The growing demand for quality healthcare and the absence of matching delivery mechanisms pose a challenge and certainly a great opportunity. In Infrastructure – building, equipping, managing and financing the super specialty hospitals in India through the FDI route is another area for future growth. Some best sales prospects in the medical equipment market include medical and surgical instruments, medical imaging, electro medical equipment, orthopedic and prosthetic appliances, cancer diagnostic, orthodontic and dental implants equipment, ophthalmic instruments and appliances, Point of Care Testing (POCT) diagnostic devices.

A proper supply of equipment and medical consumables will also be an area with significant for American companies. Several leading U.S. purveyors of hospital equipment and supplies have opened Indian operations to cater to this growing market.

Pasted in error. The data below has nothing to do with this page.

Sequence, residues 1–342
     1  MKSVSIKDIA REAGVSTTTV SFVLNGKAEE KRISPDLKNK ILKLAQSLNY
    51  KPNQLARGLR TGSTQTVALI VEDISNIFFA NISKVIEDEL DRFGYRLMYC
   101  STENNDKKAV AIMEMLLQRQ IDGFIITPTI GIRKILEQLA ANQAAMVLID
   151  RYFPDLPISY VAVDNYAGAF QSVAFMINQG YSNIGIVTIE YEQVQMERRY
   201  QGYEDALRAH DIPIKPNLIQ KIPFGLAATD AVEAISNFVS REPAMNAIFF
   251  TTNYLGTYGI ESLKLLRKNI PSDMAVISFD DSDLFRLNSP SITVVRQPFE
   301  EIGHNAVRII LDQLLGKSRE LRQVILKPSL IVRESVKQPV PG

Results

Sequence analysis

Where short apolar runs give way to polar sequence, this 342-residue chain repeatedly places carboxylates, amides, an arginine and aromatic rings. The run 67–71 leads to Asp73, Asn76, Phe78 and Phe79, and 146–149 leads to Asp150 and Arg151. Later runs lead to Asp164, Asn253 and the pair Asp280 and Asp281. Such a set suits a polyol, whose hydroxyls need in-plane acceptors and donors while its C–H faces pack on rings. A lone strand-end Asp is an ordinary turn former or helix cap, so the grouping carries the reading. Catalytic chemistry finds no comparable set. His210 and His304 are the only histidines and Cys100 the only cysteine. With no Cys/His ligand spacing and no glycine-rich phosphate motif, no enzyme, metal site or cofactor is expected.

Health insurance and hospital administration is another area in which U.S. companies can make a difference. This opportunity includes introducing and maintaining industry standards, and also classifying and certifying healthcare centers.

Other growth areas include diagnostic kits, reagents, hand-held equipment and stimulation for operation rooms. Imports constitute 50 percent of this market. Hand-held/portable diagnostic equipment (e.g. for blood sugar, blood pressure testing etc) is also a fast growing segment since India has around 46 million diabetics, which is expected to swell to 70 million by 2025.

Unit: USD millions

Medical Devices & Equipment





Total Market Size




Total Local Production




Total Exports




Total Imports




Imports from the U.S.




Total Market Size = (Total Local Production + Total Imports) – (Total Exports)

Data Sources: Statistical data are unofficial estimates from trade sources and industry. As this industry has not been well documented in the Indian context, the estimates of industry size vary significantly across different sources. (The 2015 figures have been re-stated @ 1 USD/ INR63)

Imports from the U.S.: United States Census Bureau